Chief Justice Roberts use of statistics are either phony – or ignorant. You choose!

In oral arguments before the Supreme Court last week, Chief Justice John G. Roberts Jr. introduced a statistical claim that he took to imply that an important provision of the Voting Rights Act has become outmoded.

Section 5 of the Voting Rights Act, which is being challenged by Shelby County, Ala., in the case before the court, requires that certain states, counties and townships with a history of racial discrimination get approval (or “pre-clearance”) from the Department of Justice before making changes to their voting laws. But Chief Justice Roberts said that Mississippi, which is covered by Section 5, has the best ratio of African-American to white turnout, while Massachusetts, which is not covered, has the worst, he said…

As much as it pleases me to see statistical data introduced in the Supreme Court, the act of citing statistical factoids is not the same thing as drawing sound inferences from them…

Like other polls, the Current Population Survey is subject to sampling error, a result of collecting data among a random subsample of the population rather than everyone in the state. In states like Massachusetts that have low African-American populations, the margin of error can be especially high: it was plus-or-minus 9.6 percentage points in estimating the black turnout rate in 2004, according to the Census Bureau. Even in Mississippi, which has a larger black population, the margin of error was 5.2 percentage points…

The debate might be more constructive if we return to the substantive questions that I posed earlier. First, are the voting rates in Massachusetts and Mississippi representative of a broader trend? If so, it seems wrong to suggest that Chief Justice Roberts misconstrued the data merely because he failed to mention the margin of error. But if Massachusetts and Mississippi are outliers, then the chief justice may be guilty…Cherry-picking the evidence…is the greater statistical sin, in my view, since it involves making misleading rather than merely imprecise claims.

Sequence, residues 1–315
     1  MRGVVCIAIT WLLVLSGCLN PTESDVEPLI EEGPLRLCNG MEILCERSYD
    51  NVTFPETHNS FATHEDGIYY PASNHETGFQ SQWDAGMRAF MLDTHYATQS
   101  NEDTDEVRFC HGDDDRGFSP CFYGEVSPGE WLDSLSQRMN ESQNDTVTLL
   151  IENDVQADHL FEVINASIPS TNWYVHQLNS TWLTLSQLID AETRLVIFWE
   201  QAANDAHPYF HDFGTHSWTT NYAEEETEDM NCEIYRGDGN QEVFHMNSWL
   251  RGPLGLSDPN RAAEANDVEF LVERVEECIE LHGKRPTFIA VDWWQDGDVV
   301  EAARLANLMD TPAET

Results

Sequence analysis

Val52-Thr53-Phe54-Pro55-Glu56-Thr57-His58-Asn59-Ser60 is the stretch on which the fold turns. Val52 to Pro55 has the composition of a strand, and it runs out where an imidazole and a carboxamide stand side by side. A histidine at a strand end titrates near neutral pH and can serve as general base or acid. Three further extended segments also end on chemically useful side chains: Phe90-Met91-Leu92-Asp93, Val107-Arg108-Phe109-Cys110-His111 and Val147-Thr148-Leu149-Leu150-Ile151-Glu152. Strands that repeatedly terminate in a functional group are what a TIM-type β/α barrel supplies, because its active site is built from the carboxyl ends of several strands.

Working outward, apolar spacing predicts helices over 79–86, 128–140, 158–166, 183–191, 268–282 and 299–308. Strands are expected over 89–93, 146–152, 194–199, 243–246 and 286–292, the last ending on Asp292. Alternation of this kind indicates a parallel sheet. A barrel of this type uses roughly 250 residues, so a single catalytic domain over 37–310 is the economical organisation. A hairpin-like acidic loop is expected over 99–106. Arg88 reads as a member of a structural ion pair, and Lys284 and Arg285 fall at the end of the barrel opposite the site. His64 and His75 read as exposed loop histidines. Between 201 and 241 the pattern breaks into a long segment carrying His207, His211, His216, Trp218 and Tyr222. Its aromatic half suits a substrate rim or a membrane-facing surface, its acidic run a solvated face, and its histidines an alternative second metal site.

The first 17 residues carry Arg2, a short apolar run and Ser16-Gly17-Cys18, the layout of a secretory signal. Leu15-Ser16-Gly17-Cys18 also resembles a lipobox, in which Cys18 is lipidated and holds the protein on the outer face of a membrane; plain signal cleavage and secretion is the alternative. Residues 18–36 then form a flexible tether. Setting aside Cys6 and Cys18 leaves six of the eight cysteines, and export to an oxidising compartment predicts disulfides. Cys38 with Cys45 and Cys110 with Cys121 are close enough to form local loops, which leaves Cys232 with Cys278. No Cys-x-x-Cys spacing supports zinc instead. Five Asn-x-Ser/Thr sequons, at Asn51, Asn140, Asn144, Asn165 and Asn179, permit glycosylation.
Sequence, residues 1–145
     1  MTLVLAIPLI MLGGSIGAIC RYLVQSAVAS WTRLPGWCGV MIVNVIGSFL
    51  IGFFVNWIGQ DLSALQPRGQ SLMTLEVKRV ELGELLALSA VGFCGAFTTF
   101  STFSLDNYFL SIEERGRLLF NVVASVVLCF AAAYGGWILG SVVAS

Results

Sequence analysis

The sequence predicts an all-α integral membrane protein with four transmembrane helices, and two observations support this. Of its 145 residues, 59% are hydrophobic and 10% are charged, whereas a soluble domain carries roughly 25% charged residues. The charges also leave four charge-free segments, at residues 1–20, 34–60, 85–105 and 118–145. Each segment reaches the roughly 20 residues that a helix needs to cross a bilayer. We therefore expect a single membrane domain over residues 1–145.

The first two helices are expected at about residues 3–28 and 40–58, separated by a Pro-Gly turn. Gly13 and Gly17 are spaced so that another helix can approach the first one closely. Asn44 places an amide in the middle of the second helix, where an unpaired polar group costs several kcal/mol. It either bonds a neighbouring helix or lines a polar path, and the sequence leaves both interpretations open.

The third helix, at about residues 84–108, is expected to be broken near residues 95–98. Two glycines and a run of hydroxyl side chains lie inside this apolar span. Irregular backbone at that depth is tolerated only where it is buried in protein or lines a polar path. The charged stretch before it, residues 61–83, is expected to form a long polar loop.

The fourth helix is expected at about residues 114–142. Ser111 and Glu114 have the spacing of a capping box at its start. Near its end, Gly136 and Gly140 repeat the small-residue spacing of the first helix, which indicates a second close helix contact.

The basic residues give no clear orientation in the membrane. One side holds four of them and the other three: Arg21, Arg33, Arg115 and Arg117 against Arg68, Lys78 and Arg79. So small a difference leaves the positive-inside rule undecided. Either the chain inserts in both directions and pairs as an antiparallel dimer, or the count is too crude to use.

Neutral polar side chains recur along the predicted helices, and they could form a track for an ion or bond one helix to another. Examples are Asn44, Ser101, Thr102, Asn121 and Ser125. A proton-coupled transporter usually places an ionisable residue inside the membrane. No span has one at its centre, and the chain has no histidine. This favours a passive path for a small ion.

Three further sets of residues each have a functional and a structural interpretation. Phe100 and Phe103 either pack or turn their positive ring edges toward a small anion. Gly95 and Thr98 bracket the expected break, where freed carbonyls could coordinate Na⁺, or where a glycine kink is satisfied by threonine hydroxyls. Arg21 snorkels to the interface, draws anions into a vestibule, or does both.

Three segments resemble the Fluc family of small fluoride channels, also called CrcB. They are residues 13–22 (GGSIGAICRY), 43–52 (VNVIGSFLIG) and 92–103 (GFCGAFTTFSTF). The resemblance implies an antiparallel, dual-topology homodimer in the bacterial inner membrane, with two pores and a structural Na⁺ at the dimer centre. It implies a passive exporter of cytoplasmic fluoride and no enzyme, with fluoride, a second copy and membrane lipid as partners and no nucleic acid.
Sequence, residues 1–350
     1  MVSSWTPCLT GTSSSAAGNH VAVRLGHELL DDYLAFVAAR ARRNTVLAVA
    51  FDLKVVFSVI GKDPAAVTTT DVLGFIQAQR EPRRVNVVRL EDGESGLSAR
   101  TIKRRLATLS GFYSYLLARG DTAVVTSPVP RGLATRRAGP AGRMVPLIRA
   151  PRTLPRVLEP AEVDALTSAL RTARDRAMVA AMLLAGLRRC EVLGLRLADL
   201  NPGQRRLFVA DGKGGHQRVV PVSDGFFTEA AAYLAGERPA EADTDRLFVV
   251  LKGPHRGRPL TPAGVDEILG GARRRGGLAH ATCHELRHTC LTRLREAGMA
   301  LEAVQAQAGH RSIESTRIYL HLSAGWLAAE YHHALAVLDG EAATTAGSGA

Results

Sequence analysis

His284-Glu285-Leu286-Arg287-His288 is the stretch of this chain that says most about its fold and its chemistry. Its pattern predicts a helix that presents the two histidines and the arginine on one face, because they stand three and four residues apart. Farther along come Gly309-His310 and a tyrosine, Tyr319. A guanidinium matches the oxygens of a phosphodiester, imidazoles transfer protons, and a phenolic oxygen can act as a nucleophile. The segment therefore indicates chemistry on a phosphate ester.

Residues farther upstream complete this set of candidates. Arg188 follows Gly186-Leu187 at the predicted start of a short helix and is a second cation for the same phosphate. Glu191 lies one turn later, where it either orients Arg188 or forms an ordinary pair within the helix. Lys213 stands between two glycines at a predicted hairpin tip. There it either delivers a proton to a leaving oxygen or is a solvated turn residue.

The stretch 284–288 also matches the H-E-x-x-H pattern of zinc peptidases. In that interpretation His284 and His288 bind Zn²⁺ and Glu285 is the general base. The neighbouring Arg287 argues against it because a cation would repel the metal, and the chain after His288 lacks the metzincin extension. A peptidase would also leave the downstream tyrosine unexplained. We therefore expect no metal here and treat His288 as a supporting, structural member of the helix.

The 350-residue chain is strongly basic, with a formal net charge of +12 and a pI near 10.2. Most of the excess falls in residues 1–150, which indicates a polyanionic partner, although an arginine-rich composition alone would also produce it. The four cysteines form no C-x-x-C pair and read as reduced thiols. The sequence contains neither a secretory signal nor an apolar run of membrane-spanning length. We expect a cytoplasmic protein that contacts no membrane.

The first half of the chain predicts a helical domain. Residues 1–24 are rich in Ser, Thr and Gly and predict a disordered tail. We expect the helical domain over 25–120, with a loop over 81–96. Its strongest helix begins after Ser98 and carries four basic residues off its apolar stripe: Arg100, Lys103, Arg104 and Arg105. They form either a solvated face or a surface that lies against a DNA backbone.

The bigger potential flaw with Chief Justice Roberts’s argument is not with the statistics he cites but with the conclusion he draws from them…

…The fact that black turnout rates are now roughly as high in states covered by Section 5 might be taken as evidence that the Voting Rights Act has been effective. There were huge regional differences in black turnout rates in the early 1960s, before the Voting Rights Act was passed. (In the 1964 election, for example, nonwhite turnout was about 45 percent in the South, but close to 70 percent elsewhere in the country.) These differences have largely evaporated now.

How much of this is because of the Voting Rights Act, as opposed to other voter protections that have been adopted since that time, or other societal changes? And even if the Voting Rights Act has been important in facilitating the changes, how many of the gains might be lost if the Section 5 requirements were dropped now?…

Statistical analysis can inform the answers if applied thoughtfully. But statistics can obscure the truth when they become divorced from the historical, legal and logical context of a case.

Roberts proved to the world that opportunism holds a higher priority in his pantheon of justice – in his testimony before Congress when he was being confirmed for office. Almost every decision since has reflected that opportunism, lack of forthcoming honesty. A few recent cases may illustrate qualms on his part – I hope.

Regardless, Nate Silver stands as the voice of expert testimony about statistics which the Republican Party learned to their recent dismay.

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